The association of alcohol-induced blackouts and grayouts to blood alcohol concentrations

J Forensic Sci. 2006 Jul;51(4):896-9. doi: 10.1111/j.1556-4029.2006.00161.x.


The primary aim of this study was to investigate the association between measured blood alcohol concentration (BAC) and the presence and degree of amnesia (no amnesia, grayout, or blackout) in actively drinking subjects. A secondary aim was to determine potential factors other than BAC that contribute to the alcohol-induced memory loss. An interview questionnaire was administered to subjects regarding a recent alcohol associated arrest with a documented BAC greater than 0.08 g/dL for either public intoxication, driving under the influence, or under age drinking was administered. Demographic variables collected included drinking history, family history of alcoholism, presence of previous alcohol-related memory loss during a drinking episode, and drinking behavior during the episode. Memory of the drinking episode was evaluated to determine if either an alcohol-induced grayout (partial anterograde amnesia) or blackout (complete anterograde amnesia) occurred. Differences in (1) mean total number of drinks ingested before arrest, (2) gulping of drinks, and (3) BAC at arrest were found for those having blackouts compared with no amnesia; while differences in drinking more than planned were found between the no amnesia and grayout groups. A strong linear relationship between BAC and predicted probability of memory loss, particularly for blackouts was obvious. This finding clinically concludes that subjects with BAC of 310 g/dL or greater have a 0.50 or greater probability of having an alcoholic blackout.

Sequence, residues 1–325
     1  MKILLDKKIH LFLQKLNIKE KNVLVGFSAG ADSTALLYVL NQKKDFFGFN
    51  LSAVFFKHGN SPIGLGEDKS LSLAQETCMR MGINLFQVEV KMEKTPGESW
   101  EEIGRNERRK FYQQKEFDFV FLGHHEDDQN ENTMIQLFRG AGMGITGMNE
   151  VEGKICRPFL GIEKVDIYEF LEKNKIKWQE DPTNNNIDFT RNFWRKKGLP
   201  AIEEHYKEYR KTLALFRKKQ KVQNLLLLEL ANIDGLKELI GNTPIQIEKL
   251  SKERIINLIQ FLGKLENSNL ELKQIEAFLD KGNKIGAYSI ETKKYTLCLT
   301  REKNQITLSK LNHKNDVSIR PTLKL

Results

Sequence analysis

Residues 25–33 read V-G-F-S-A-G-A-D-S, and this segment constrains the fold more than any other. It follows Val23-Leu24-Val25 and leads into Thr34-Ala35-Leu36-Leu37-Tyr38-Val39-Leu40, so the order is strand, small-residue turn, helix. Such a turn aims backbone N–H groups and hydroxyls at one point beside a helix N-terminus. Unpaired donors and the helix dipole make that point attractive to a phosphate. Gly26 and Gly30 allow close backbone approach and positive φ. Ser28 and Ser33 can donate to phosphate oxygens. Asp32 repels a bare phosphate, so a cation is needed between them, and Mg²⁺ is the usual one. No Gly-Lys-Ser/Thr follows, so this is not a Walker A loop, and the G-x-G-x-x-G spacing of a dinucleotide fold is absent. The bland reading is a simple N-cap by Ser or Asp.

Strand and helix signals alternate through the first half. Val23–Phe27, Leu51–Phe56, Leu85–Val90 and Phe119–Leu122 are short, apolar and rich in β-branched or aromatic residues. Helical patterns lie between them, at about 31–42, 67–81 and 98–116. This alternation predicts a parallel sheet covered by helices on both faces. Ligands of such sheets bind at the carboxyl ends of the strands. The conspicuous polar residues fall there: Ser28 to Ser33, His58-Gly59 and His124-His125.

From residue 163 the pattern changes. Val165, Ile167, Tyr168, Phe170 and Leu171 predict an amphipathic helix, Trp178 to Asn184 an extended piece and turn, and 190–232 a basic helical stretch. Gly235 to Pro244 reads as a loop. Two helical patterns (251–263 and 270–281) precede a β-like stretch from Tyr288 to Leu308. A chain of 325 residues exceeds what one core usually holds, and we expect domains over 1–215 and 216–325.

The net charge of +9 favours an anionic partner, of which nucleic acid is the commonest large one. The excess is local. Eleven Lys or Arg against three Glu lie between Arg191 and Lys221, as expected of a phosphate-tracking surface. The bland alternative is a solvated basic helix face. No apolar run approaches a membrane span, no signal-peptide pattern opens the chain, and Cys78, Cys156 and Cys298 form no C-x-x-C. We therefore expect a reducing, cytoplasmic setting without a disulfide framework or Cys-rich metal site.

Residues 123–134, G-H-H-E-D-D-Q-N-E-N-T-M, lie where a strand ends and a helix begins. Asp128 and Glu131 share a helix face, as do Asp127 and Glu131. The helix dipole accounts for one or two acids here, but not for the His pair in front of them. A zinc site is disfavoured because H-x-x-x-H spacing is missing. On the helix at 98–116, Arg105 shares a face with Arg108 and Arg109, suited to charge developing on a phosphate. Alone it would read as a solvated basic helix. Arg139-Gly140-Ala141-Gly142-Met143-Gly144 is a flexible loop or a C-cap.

MeSH terms

  • Adult
  • Amnesia, Anterograde / blood*
  • Amnesia, Anterograde / chemically induced*
  • Central Nervous System Depressants / adverse effects
  • Central Nervous System Depressants / blood*
  • Drinking Behavior
  • Ethanol / adverse effects
  • Ethanol / blood*
  • Female
  • Forensic Medicine
  • Humans
  • Logistic Models
  • Male
  • Surveys and Questionnaires


  • Central Nervous System Depressants
  • Ethanol